News 04 Jun 15

Festival Aims to Rebuild Serbia-Kosovo Relations

A festival in Belgrade of Kosovo Albanian films, exhibitions, concerts and debates about the 1990s conflict is aimed at restoring personal contacts between Serbs and their neighbours.

Ivana Nikolic
Maja Stojanovic of Civic Initiatives, one of the organisers.

The five-day festival, entitled Miredita, Dobar Dan!, which means ‘good day’ in Albanian and Serbian, opens on Thursday in Belgrade and aims to build bridges between ordinary people divided by politics and conflict.

The festival is a cultural parallel to the negotiations between political leaders from Belgrade and Pristina after the so-called Brussels Agreement to normalise relations.

“We think that it [the Brussels Agreement] is a process between political elites and that it won’t actually contribute to bringing people [from Kosovo and Serbia] together,” said one of the festival organisers, Maja Stojanovic from Belgrade-based NGO Civic Initiatives.

“The agreement represents the normalisation of relations on the surface. If we don’t work on our relations, any problematic event can again spark hatred and nationalism,” she said.

The festival will open with a screening of the 2014 film by Isa Qosja, ‘Three Windows and a Hanging’, the story of a woman thrown out of her village after being raped during the Kosovo war.

“In a specific way, this film is connected to post-war Belgrade-Pristina relations because it speaks about the consequences of the war and explains how war affects ordinary men,” said Stojanovic.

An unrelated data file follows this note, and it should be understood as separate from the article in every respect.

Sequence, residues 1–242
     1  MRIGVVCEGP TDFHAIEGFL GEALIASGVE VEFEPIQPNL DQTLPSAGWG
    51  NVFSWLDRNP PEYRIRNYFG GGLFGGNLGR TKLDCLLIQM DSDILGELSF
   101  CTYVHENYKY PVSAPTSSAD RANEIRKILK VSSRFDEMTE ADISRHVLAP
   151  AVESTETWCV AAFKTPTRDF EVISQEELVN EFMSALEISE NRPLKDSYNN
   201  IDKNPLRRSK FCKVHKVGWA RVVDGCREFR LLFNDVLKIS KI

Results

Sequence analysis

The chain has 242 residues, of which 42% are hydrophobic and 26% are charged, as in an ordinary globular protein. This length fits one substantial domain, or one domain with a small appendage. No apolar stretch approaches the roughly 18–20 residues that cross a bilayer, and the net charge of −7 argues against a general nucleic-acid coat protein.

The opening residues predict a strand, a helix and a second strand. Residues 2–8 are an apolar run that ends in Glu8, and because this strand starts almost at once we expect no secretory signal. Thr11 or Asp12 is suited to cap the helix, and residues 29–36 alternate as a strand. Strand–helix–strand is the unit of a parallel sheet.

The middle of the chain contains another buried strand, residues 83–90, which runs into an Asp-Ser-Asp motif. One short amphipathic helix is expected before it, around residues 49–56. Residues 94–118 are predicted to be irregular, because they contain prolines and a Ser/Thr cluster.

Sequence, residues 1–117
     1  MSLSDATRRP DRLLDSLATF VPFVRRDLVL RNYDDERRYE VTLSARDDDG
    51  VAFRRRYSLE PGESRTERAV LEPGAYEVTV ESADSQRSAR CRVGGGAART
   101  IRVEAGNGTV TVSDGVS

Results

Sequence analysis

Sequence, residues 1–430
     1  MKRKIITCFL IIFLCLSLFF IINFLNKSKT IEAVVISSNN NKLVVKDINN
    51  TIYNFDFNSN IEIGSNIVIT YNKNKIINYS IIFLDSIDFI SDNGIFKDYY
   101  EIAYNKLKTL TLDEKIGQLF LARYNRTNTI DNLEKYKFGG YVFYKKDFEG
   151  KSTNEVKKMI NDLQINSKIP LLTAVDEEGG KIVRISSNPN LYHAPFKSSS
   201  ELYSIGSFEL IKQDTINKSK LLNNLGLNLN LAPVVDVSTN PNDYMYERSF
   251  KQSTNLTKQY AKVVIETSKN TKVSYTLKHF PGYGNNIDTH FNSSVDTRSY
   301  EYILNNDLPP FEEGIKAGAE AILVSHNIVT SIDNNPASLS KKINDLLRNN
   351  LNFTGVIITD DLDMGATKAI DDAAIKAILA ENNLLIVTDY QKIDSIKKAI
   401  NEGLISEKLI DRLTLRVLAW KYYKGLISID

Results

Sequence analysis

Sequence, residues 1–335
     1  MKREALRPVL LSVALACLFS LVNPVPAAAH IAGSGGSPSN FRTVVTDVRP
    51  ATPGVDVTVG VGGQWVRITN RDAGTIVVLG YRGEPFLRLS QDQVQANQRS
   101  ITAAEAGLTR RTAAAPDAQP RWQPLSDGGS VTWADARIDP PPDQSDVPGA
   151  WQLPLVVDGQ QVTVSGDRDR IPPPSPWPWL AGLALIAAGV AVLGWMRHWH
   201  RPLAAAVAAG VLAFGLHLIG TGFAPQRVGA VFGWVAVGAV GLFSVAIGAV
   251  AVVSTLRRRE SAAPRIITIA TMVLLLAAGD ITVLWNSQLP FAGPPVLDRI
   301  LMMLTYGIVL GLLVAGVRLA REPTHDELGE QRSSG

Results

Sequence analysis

During the festival, which is also organised by the Belgrade-based Policy Centre and Pristina-based Integra NGOs, there will also be plays, concerts, exhibitions and a debate about missing persons from the 1998-99 conflict, which will be attended by both Kosovo Albanian and Serbian war victims.

“It is important that people come and hear what they all went through. People should know what happened as it would give more chance of reconciliation,” Stojanovic said.

She said that the symbol and inspiration of the festival is Bekim Fehmiu, a Kosovo Albanian who was one of the most important Yugoslav actors and also achieved international renown.

Fehmiu, who was born in Sarajevo and educated in Belgrade, retired in protest against the Yugoslav authorities’ anti-Albanian actions in the late 1980s.

He is also known for his memoirs, ‘Blistavo i Strasno’ (‘Shiny and Frightful’), in which he explores the relations between Serbia and Kosovo. He committed suicide in 2010.

“The festival will always be held in June, as Fehmiu was born on June 1 and committed suicide on June 15. June is the month when we commemorate both the tragedy and the potential of the relations between Serbia and Kosovo,” Stojanovic said.

After the festival in Belgrade, the organisers will hold a series of events presenting the Serbian cultural scene in Pristina from September until June.

They will begin with a series of Fehmiu’s films, which have never been showcased in Kosovo before and first need to be redubbed from Serbian into Albanian.

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